Thursday, May 21, 2015

Talking to the gay sister of Nebraska's anti-gay marriage GOP governor

Also: Video of two Nebraska state senators telling arch-homophobe Sen. Beau McCoy to get himself a dictionary during rancorous debate of LB586, LGBT antibias job bill

In April, Marin Cogan profiled, for New York Magazine, Chicago lawyer Laura Ricketts, who is the daughter of Joe Ricketts (billionaire founder of Omaha's TD Ameritrade), the sister of anti-gay marriage Nebraska governor Pete Ricketts, a co-owner of the Chicago Cubs, a top Obama campaign bundler and a leading fundraiser for LGBT causes, including Lambda Legal.

On her childhood in Omaha:
“When I was 5, I wore a tie and I wanted to change my name to Larry, which probably tipped my parents off that I was gay.” Today, she says, she can’t imagine running for office. “I don’t really like politics, to be honest,” she says. “But it’s other people making decisions about my life, and my country, and my child’s education … I wish we didn’t have so much money in politics, but that’s not the world we live in. If we don’t play here, we forfeit. And I’m not willing to forfeit my rights.” Laura was an all-star softball player in the years after Title IX, the only daughter in a house full of boys.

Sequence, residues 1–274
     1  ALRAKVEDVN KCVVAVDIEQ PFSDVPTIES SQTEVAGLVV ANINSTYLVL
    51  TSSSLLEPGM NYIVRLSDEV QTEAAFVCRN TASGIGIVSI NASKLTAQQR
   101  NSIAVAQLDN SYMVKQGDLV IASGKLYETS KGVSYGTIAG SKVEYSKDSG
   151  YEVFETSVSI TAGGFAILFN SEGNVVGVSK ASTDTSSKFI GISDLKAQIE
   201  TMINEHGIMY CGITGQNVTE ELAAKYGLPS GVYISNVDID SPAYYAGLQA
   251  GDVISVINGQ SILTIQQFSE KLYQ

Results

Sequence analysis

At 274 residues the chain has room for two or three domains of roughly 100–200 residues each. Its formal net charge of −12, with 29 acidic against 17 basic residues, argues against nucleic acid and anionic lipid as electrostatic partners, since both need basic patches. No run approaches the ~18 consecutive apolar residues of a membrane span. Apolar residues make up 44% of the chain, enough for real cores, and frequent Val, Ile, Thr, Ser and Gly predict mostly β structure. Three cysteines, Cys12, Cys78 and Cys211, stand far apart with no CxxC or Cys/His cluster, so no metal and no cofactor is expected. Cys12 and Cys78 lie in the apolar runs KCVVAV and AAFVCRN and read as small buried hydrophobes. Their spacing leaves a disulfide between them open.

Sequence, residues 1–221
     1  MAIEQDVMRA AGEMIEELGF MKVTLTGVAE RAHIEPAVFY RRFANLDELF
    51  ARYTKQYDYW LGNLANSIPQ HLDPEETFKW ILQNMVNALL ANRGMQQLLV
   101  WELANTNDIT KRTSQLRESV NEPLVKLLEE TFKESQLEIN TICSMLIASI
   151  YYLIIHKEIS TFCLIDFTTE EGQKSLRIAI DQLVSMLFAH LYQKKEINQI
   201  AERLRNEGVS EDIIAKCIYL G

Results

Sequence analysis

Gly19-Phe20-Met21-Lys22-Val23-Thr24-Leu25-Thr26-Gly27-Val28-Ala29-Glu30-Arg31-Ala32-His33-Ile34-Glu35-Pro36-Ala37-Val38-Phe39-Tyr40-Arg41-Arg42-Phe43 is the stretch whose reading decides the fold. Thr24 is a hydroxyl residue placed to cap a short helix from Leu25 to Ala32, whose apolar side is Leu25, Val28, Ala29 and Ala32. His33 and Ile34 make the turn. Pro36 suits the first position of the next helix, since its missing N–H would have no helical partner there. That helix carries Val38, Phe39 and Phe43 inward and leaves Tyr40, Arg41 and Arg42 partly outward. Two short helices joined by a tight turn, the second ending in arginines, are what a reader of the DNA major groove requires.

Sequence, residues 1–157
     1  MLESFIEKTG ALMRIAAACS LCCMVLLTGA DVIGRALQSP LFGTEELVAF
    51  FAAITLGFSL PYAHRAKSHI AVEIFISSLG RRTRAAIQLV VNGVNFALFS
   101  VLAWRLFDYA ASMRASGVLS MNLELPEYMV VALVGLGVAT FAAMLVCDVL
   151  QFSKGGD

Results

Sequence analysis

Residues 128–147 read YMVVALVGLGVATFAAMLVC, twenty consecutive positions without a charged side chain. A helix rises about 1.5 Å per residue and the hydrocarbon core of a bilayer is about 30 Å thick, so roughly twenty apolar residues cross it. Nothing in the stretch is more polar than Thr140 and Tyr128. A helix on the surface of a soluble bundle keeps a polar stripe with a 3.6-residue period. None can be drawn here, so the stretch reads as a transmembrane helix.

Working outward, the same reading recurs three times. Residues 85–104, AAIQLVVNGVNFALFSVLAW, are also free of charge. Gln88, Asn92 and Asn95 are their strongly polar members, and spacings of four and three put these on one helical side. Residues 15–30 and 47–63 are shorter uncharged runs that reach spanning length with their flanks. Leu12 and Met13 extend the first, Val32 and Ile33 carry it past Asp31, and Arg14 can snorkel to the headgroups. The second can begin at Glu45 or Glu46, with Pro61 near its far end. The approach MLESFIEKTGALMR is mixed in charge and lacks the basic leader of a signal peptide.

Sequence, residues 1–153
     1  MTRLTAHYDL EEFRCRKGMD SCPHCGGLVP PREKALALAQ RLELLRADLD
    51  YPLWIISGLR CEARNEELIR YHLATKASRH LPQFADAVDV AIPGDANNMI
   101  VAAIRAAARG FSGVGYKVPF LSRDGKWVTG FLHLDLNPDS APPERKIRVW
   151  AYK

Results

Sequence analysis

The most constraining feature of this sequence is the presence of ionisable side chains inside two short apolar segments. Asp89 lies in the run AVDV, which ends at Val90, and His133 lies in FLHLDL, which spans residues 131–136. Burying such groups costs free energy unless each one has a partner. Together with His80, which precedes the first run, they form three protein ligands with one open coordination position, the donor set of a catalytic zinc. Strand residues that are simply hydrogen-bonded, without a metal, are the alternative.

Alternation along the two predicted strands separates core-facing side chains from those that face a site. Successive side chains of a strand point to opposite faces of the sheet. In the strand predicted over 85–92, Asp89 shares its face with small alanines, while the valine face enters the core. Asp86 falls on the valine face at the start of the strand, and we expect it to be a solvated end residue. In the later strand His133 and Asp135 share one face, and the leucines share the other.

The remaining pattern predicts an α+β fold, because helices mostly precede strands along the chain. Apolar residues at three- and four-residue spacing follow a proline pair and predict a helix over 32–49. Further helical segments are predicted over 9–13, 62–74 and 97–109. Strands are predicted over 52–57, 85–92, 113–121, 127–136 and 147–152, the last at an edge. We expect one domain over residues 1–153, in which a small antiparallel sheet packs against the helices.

How she came out:
“I wasn’t gay! I just kept falling in love with my best friend, that’s all,” she says, laughing. Only when she returned to Chicago after law school did she figure it out. She sat her parents down the day after Thanksgiving and delivered a statement she’d rehearsed. “I just said, ‘There’s something going on with me, it’s been going on for a long time. I’ve tried to deny it, I’ve tried to ignore it, but it’s just who I am.’ ” She was in her early 30s.
What her conservative GOP father told her:
“You’re a leader,” she says her father told her. “And you can help other young women to come out. You gay people don’t know how to market your cause. You need to do micromarketing — you need to get on the ball!” And then, she says, “He said, ‘You always be proud of who you are. Because I am.’ ” She pauses for a moment, chokes up. “And then he said, ‘If anybody ever gives you trouble you tell me.’ ” She apologizes, dabs her eyes. “I said, ‘Because you’re going to beat them up?’ He was like, ‘Oh, no. I would hire somebody to take care of it.’ ”
Read the entire interview, including how she cancels out the conservative efforts of her brother, Todd, here at New York Magazine.

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